With water receding, Watertown city officials issue flood recap

May 1, 2023

WATERTOWN, S.D.–The Watertown Area Flood Task Force met Monday to discuss and evaluate its response to recent flooding that occurred at Lake Kampeska, Lake Pelican and along the Big Sioux River.

The National Weather Service along with local officials had anticipated high water levels on the lakes and along the river, but how high the water was going to get remained a mystery. City and County Officials formed a Unified Command System to address the rising water threat, and on March 27th they activated the Emergency Operations Center to coordinate a response.

The National Weather Service had predicted that Lake Kampeska could reach 54 inches over full. Lake Kampeska ultimately crested April 15th at 44.28 inches over full, not quite the level that was seen in 2019 when Kampeska crested at 45.56 inches over full. The Big Sioux River gauge at Broadway crested April 13th at 11.85 feet. This is slightly higher than the 2019 level of 11.77 feet. Lake Pelican remained a concern for officials as it kept rising until April 21st when it crested at 37.92 inches over full. The level was significantly higher than in 2019 when the lake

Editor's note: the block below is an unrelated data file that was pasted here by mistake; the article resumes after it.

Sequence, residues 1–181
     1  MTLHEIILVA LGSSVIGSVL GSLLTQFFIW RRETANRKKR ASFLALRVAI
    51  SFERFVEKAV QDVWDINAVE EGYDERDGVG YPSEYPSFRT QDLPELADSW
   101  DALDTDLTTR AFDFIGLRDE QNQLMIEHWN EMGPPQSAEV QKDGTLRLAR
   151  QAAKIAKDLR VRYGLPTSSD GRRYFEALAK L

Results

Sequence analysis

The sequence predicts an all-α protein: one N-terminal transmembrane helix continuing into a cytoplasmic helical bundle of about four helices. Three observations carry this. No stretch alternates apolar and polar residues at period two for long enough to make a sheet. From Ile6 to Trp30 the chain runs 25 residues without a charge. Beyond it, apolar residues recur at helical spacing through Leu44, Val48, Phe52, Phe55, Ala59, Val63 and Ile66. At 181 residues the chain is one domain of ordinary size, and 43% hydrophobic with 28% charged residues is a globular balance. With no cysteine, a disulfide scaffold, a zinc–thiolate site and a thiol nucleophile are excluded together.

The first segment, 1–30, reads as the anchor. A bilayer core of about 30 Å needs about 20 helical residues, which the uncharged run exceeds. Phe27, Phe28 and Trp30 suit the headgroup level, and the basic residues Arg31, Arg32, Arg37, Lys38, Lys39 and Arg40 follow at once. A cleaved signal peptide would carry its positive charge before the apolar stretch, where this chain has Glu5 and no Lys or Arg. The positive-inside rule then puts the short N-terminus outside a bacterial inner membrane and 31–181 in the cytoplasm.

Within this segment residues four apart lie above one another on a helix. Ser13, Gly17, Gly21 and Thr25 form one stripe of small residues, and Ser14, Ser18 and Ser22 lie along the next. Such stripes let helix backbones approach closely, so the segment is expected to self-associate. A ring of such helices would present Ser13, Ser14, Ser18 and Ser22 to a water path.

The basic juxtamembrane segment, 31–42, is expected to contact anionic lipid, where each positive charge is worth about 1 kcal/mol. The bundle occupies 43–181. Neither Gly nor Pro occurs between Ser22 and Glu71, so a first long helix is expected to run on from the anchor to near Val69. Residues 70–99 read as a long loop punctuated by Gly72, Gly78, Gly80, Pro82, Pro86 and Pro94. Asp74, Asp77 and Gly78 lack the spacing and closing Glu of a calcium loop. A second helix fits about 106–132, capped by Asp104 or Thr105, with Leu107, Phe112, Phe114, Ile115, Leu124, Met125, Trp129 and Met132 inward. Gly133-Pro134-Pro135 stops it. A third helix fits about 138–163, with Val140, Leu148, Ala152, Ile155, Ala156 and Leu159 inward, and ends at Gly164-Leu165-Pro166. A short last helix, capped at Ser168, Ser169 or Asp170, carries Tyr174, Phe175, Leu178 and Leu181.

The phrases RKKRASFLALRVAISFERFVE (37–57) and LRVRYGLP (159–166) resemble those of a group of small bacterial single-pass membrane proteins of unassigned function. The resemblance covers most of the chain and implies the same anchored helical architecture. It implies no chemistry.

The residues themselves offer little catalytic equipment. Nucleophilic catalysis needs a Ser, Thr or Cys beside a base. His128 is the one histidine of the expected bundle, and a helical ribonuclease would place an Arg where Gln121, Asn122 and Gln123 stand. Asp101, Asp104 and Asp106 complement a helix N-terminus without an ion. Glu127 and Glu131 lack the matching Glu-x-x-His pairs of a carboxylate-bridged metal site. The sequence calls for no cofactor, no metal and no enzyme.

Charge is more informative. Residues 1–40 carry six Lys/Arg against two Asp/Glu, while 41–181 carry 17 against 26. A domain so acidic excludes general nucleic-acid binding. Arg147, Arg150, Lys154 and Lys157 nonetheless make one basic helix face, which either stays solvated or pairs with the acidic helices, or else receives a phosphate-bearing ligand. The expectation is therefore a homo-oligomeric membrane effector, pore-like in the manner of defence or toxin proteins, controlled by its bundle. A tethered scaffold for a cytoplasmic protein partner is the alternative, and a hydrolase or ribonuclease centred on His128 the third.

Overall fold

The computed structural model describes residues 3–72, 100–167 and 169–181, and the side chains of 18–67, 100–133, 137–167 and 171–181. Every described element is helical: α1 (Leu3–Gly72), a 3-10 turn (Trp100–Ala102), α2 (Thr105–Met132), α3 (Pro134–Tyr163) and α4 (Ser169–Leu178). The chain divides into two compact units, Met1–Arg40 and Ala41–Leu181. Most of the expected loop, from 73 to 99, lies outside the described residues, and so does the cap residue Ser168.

reached 34.68 inches over full.

During the next several weeks, officials will begin removing Hesco baskets that were utilized to protect city infrastructure. This infrastructure included power substations and lift stations around Lake Kampeska and along the Big Sioux River.

Residents who need to dispose of contaminated (wet) sandbags may do so by dropping them off at the Watertown Street Department, 730 Arrow Avenue, or the Watertown Regional Landfill, 45605 175th Avenue, or at Sailboat  Landing, 200 N. Lake Drive, away from the water.

Residents should not dispose of sandbags in area lakes. Sandbags that have been in contact with water could be contaminated with sewage, oil and other pollutants. These contaminations make the sandbags hazardous to reuse or even keep in storage.